June 6, 2013
Some efforts to replace traditional letter-and-number passwords rely on gestures, wearable devices, or biometrics. An approach in the works from research-and-development company SRI International and Stanford and Northwestern takes a different tack: passwords that you know but don’t know you know.
Patrick Lincoln, director of SRI’s computer science laboratory and a researcher on the project, calls this “rubber-hose resistant authentication” in reference to rubber-hose cryptanalysis, in which a user is coerced or physically forced to give up, say, the passcode to a secure building. Lincoln says the approach relies on implicit learning—the sort of learning that occurs through sheer repetition, such as learning to ride a bike, that the learner can’t verbally explain—to prevent passwords from being compromised.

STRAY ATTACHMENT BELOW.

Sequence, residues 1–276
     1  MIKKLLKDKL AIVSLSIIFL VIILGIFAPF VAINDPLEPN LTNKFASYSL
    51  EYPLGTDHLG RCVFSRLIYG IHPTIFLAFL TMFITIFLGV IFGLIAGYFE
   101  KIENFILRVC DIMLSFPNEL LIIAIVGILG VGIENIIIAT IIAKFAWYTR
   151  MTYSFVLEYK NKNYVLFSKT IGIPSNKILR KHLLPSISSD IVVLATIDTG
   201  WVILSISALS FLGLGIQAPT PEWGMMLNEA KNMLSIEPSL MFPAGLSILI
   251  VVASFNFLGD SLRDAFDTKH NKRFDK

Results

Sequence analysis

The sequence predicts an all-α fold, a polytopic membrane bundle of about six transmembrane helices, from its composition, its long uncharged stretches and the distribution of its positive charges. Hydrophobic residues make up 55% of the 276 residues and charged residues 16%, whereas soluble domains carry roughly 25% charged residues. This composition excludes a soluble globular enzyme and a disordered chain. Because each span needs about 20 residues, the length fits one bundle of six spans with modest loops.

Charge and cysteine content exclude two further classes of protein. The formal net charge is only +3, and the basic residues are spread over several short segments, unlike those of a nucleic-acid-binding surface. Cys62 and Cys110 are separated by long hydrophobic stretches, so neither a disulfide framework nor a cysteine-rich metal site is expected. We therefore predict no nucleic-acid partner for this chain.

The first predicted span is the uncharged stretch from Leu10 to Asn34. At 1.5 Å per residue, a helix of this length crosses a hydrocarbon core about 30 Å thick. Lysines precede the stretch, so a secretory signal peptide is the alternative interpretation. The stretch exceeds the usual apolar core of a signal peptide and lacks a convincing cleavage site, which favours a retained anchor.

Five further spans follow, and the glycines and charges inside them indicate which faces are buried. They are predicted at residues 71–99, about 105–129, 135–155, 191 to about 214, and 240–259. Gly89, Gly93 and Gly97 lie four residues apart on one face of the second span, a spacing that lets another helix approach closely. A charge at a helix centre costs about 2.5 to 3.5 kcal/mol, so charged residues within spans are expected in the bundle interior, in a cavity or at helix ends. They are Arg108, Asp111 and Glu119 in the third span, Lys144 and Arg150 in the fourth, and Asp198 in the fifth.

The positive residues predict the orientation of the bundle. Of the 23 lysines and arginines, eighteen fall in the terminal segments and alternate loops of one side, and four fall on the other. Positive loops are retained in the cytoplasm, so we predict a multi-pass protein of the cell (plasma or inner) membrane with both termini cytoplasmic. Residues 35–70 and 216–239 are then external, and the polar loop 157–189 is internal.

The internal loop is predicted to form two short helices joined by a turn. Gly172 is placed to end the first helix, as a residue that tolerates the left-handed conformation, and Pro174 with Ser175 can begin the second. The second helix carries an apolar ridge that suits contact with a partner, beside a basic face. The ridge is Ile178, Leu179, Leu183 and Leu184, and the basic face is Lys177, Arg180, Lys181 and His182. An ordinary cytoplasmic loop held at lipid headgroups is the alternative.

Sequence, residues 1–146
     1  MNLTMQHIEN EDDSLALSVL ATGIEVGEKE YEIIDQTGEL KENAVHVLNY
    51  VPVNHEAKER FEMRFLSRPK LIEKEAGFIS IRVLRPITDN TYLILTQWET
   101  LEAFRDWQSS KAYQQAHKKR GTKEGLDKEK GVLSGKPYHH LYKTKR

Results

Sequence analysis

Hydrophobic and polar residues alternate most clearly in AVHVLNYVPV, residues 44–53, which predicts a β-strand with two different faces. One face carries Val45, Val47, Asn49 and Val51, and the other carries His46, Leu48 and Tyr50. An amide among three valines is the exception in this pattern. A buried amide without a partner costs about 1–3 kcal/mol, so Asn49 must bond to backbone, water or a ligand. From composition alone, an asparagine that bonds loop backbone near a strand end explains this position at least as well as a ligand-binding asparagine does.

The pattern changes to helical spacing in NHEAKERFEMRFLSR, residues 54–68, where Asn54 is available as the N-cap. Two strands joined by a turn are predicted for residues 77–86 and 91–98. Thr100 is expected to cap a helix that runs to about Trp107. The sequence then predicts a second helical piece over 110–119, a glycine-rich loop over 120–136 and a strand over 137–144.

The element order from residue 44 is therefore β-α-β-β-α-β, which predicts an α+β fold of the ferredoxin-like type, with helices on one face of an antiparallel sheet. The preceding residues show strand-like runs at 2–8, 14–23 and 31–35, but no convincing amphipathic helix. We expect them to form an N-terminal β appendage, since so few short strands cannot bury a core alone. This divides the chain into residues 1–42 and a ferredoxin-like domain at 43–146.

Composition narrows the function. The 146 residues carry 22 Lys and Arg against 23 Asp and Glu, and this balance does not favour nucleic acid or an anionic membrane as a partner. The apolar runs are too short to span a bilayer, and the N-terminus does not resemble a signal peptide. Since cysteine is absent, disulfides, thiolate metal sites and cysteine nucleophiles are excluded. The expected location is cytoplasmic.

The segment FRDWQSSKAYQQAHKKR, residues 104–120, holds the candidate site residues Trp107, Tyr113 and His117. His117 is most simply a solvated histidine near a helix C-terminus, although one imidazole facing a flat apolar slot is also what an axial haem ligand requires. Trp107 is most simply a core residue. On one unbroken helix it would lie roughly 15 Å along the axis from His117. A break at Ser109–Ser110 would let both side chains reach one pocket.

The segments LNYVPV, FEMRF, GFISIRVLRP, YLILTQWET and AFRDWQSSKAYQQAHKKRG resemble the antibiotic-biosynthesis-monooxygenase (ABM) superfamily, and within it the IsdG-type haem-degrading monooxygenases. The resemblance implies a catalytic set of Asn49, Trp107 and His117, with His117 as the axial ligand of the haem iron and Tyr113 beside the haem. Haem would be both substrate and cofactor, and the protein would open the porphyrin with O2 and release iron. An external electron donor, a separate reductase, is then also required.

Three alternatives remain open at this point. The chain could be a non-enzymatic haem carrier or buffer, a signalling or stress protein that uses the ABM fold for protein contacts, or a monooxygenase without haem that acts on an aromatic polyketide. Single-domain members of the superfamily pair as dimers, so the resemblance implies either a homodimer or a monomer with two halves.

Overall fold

So far, the project has used a game interface, resembling a rudimentary version of Guitar Hero, that trains the user to enter a unique pattern. Users press a key, corresponding to a column, each time a falling ball hits the bottom of one of the columns, but because the sequence of falling balls changes each time, users can’t consciously determine what is their unique sequence, and what is simply added noise. Later, the user is authenticated by playing the game, which contains parts of the learned pattern, and the user’s superior skill at this task proves his or her identity.